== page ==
As we enter 2024, procurement organizations will continue to focus on cost containment and supply continuity in order to bring value to their businesses. These have traditionally been the primary value drivers and in today’s economic environment, I see this continuing. The opportunity will be maintaining the expanded voice earned with stakeholders during the volatile, crisis-riddled past few years, given the resurgence of hyper-focus on cost containment.

The challenge facing procurement will be how to tackle all of this successfully. What we’ll see is the use of innovation like GenAI, spend analysis and category management solutions to not only provide relevant, real-time business insights, but importantly, to increase the efficiency and productivity of procurement teams, giving more capacity to focus on the strategic work stakeholders now expect.


Reskilling to build a more adaptable workforce

With skilled tech workers in short supply, businesses will need to amplify investments inCathy Mauzaize, ServiceNow upskilling and reskilling to build capabilities internally, especially around AI – Cathy Mauzaize, ServiceNow

Cathy Mauzaize, president of EMEA, ServiceNow:

Where many started 2023 with a string of workforce reductions and layoffs, the fading threat of a recession means that the demand for digitally skilled talent has rapidly risen again. Reskilling employees will become a critical strategy, as companies face an increasingly competitive race – and demand – for talent.

With skilled tech workers in short supply, businesses will need to amplify investments in upskilling and reskilling to build capabilities internally, especially around AI. Offering robust training programs and learning opportunities will also be key to attracting and retaining top talent. Companies that invest in their people’s growth will gain a long-term competitive advantage. Closing the global skills gap could add $11.5tn to global GDP by 2028, according to the World Economic Forum, so reskilling should become a strategic business priority, not just an HR initiative. With the right vision and tools, companies can build workforces with adaptable skill sets ready for whatever the future may hold.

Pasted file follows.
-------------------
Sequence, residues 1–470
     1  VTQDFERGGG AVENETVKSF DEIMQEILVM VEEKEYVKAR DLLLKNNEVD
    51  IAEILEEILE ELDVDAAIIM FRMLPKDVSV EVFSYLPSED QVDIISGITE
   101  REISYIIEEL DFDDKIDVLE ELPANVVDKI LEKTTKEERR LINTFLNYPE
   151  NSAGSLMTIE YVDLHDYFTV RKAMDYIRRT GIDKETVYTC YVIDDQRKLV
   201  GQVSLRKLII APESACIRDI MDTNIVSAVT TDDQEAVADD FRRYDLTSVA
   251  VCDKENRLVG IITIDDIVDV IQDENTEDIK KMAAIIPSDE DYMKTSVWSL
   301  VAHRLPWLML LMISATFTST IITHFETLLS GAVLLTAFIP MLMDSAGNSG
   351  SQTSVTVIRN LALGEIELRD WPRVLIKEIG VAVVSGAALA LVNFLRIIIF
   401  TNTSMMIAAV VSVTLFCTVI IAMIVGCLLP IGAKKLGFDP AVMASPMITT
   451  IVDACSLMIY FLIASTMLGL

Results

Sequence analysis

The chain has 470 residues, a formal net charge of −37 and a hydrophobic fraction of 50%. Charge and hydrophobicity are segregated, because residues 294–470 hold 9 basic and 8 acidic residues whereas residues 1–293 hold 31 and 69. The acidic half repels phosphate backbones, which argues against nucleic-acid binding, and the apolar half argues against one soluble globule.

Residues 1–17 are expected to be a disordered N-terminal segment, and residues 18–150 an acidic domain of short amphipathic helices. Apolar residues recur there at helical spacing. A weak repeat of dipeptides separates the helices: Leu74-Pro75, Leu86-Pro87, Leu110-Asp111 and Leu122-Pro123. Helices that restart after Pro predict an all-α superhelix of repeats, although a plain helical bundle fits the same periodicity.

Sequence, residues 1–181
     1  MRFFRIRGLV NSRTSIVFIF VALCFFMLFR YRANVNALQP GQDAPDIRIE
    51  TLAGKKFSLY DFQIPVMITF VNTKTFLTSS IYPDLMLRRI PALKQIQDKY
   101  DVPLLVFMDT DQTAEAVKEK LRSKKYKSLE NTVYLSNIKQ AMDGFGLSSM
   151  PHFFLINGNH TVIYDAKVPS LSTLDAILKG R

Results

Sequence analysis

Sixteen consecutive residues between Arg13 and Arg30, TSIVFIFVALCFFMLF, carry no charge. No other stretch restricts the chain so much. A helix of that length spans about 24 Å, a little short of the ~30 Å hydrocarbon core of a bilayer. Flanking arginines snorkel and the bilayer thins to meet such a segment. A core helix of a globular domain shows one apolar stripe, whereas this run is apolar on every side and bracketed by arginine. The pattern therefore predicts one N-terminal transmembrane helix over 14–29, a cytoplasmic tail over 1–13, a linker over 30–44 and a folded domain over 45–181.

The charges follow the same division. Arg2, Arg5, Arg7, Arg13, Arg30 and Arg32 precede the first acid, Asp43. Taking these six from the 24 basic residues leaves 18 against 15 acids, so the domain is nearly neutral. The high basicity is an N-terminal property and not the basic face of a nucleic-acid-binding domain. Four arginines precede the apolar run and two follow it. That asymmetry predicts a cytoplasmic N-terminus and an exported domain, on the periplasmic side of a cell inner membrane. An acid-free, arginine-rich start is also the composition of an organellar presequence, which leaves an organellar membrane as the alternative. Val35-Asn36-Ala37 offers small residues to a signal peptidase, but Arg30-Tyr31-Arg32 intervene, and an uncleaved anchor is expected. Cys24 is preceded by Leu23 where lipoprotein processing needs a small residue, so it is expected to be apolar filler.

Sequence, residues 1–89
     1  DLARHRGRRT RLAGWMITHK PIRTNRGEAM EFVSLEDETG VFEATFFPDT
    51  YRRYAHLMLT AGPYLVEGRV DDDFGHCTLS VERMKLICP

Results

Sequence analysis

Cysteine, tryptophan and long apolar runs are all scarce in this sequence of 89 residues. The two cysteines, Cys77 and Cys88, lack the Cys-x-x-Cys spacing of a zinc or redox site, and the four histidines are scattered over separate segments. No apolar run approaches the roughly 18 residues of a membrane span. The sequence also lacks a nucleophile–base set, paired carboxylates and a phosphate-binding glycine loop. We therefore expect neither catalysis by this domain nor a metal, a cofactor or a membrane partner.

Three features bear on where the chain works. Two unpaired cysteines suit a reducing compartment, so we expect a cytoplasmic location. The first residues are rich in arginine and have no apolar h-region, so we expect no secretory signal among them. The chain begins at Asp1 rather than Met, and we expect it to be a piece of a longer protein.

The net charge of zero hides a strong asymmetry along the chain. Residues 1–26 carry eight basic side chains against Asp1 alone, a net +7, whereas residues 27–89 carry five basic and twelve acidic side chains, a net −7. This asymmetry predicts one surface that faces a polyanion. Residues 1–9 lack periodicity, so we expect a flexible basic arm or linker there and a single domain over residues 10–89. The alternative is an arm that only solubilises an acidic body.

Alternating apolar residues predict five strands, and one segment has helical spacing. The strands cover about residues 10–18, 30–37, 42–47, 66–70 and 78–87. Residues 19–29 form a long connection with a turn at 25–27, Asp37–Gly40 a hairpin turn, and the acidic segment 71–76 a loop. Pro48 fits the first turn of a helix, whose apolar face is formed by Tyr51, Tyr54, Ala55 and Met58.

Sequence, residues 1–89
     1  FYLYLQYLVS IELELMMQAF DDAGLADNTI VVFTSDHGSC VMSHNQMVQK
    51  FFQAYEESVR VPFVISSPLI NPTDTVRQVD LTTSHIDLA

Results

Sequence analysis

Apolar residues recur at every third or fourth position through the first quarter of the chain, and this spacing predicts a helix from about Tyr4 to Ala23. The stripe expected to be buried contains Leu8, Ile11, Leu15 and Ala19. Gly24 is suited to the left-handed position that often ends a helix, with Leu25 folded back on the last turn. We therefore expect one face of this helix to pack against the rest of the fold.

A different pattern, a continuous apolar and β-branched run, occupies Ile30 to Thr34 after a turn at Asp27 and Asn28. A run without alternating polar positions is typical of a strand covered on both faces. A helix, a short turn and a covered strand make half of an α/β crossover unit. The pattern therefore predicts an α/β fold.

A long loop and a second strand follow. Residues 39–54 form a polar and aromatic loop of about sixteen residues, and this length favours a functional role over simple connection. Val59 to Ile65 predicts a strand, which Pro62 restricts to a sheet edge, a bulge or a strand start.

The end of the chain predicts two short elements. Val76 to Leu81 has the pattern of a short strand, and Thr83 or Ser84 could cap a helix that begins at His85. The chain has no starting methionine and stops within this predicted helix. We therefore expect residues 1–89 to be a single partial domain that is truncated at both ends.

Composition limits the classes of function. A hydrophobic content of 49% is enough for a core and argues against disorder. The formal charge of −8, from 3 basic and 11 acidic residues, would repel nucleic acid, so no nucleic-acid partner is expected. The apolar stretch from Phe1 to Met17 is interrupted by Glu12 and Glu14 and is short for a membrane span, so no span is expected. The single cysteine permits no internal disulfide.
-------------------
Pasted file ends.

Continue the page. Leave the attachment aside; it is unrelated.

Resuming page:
Cybersecurity transformation

Organizations will increase scrutiny of suppliers’ cybersecurity practices, with some larger shops requesting fourth-party security evaluations – Robert Graham, ZoomRobert Graham, Zoom

Robert Graham, customer security assurance lead EMEA, Zoom:

Going into 2024, the cybersecurity landscape will continue to see a profound transformation. Here are key trends I foresee that will shape the industry next year:

Emerging AI technologies in cybersecurity will aid cyber attackers before they help cyber defenders, and small and medium businesses will become more important targets as larger organizations with the funding will strengthen their cyber defenses.

Organizations will increase their scrutiny of suppliers’ cybersecurity posture and practices, with some larger shops requesting fourth-party security evaluations – that is, demanding third-party risk management from their suppliers.

Plus, organizations will demand that their cybersecurity teams achieve enhanced effectiveness at either equal or even reduced budget levels. Many cybersecurity teams will work to squeeze more results out of current investments or demonstrate operational efficiencies. Human resources departments will be increasingly open to hiring additional junior cybersecurity staff, while line managers will be expected to do more to upskill the talent they have.

Geopolitical concerns will spill over into more cybercrime as isolated nation-states and splinter groups look to cyberattacks as a latent source of funding for politically unpalatable activities. Cyberattacks will still not be felt as physical damage just yet. They will continue to act as digital disruptions, but significant ones.


ESG a key driver to businesses achieving circularity

Maggie Slowik, global industry director for manufacturing, IFS:

With increasing global scrutiny on sustainability, consumers and businesses alike are after more transparency when it comes to ESG and sustainability, while also wanting to retain their products and equipment for longer.